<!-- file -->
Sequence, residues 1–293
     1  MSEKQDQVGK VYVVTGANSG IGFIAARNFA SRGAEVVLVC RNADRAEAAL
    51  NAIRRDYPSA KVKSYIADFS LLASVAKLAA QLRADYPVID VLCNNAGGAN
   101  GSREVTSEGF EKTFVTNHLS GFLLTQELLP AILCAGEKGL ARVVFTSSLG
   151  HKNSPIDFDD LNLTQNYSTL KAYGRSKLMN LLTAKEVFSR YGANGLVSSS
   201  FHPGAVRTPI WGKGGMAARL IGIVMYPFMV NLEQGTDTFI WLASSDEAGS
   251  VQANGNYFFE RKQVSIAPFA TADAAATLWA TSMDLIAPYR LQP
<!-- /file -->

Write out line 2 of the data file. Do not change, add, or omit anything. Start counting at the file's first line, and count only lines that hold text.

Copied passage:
     1  MSEKQDQVGK VYVVTGANSG IGFIAARNFA SRGAEVVLVC RNADRAEAAL